Presentation on theme: "27 August 2001 1 EUROPEAN FERROUS RECOVERY & RECYCLING FEDERATION Shredder waste in the EU with respect to Directive 2000/53/EC and the EFR-ESG formation."— Presentation transcript:
27 August 2001 1 EUROPEAN FERROUS RECOVERY & RECYCLING FEDERATION Shredder waste in the EU with respect to Directive 2000/53/EC and the EFR-ESG formation 7 September 2001 – 08.30 to 09.10 hrs. Mr Thorvald Isager, Chief of Environmental Issues, HJ Hansen Recycling Industries Member of the EFR -European Shredder Group
27 August 2001 2 EUROPEAN FERROUS RECOVERY & RECYCLING FEDERATION The identification and implementation of practical and economic solutions to (1) minimise and (2) properly dispose of shredder waste are the most important actions that will determine the success of the EU End-of-life Vehicles Directive
27 August 2001 3 EUROPEAN FERROUS RECOVERY & RECYCLING FEDERATION Collectors / scrap yards EU End-of-life-Vehicles recycling simplified material ‘flow’ last holder/Owner Dismantler De-pollution / dismantling Shredding Aspirated dust / fluff steel Media & Metal Separation Non-ferrous metal non-metals Second hand parts Shredder “Second hand car” exports Non-magnetic shredder fraction De-pollution / dismantling Non-metallic waste New technologies To metal works Products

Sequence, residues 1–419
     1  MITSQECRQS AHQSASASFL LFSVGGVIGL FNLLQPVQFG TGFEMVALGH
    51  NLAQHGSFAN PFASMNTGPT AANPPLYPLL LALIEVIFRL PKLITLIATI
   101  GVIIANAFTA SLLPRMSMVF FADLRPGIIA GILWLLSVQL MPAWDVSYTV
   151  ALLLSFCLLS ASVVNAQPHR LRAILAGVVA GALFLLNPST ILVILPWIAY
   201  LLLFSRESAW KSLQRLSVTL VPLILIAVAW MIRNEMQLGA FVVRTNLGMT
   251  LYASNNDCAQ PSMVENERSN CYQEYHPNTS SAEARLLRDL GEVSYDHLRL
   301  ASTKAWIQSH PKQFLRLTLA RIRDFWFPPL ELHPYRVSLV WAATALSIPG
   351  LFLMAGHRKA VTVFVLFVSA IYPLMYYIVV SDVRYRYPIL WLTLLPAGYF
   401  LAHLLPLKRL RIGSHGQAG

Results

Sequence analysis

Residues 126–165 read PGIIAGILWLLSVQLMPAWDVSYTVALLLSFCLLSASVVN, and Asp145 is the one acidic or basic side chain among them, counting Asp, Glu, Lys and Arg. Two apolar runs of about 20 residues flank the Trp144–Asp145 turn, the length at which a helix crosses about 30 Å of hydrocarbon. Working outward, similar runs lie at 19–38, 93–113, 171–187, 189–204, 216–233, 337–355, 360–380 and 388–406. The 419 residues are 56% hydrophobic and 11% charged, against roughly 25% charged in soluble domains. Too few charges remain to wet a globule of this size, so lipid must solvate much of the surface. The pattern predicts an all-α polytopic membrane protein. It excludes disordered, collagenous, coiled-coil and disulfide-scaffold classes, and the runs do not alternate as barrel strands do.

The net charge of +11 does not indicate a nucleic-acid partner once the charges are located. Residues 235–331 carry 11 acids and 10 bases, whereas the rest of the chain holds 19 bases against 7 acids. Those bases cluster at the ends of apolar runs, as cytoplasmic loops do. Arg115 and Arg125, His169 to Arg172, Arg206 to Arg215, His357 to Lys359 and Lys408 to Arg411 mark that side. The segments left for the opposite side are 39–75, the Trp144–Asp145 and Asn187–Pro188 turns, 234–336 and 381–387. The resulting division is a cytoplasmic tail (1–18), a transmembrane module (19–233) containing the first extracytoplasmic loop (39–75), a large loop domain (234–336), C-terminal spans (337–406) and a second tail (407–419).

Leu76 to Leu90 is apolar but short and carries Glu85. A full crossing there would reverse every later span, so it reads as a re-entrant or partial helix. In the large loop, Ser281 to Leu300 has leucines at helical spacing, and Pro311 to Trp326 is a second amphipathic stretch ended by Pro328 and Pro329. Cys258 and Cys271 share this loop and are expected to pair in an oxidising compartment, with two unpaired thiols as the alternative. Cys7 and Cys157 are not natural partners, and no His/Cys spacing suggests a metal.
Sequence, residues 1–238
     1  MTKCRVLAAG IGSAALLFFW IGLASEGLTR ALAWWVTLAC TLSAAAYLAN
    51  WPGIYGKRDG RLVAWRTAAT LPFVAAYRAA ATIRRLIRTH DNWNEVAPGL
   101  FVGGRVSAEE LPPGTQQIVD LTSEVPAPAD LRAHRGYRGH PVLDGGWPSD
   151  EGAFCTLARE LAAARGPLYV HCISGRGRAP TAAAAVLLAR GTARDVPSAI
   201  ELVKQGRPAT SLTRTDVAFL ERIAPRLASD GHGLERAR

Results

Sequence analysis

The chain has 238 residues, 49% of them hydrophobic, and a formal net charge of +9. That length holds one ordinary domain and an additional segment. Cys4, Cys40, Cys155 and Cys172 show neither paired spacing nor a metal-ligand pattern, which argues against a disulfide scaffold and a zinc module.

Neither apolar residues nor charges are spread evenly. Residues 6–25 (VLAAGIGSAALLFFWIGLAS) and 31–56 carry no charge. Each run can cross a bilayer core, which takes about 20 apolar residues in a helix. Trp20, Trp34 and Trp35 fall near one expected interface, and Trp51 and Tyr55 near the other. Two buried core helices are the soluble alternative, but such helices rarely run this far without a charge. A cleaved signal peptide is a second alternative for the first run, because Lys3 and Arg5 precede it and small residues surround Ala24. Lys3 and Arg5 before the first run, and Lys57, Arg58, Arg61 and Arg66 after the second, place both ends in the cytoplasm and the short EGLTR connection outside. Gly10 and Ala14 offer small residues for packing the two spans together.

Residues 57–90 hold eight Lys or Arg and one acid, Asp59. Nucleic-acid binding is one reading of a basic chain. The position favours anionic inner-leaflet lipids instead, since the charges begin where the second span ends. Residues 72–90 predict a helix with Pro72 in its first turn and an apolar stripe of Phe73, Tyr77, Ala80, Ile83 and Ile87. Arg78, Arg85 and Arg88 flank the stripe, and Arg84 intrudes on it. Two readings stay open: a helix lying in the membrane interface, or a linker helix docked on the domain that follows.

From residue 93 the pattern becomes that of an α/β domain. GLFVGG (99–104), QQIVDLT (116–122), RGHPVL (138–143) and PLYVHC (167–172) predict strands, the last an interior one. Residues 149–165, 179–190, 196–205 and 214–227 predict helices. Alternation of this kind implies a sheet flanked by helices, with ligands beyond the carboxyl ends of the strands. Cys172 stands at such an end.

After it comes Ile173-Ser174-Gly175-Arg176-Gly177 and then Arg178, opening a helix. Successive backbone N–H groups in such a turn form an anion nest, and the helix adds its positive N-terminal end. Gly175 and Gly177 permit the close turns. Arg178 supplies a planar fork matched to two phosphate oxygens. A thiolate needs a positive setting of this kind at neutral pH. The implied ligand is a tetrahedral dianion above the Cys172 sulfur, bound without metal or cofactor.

27 August 2001 4 EUROPEAN FERROUS RECOVERY & RECYCLING FEDERATION The Shredding process – terminology Aspirated dust (obsolescent terms - “fluff” or “light fraction”) Magnetic separation Eddy current separation Non-magnetic fraction - (“heavy fraction” obs..)
27 August 2001 5 EUROPEAN FERROUS RECOVERY & RECYCLING FEDERATION Media & Metal Separation process - terminology MM1MM2 MM3 Eddy current separation Dense media separation - sg3.0 Dense media separation sg2.0 and glass
27 August 2001 6 EUROPEAN FERROUS RECOVERY & RECYCLING FEDERATION End-of-life-Vehicles Recycling current EU infrastructure The term recognised refers to economic operators either acknowledged by Governments( by licence, permit etc) or in Voluntary agreements. Where there is an obligation to de-pollute, the recognised dismantlers are assumed to carry out de-pollution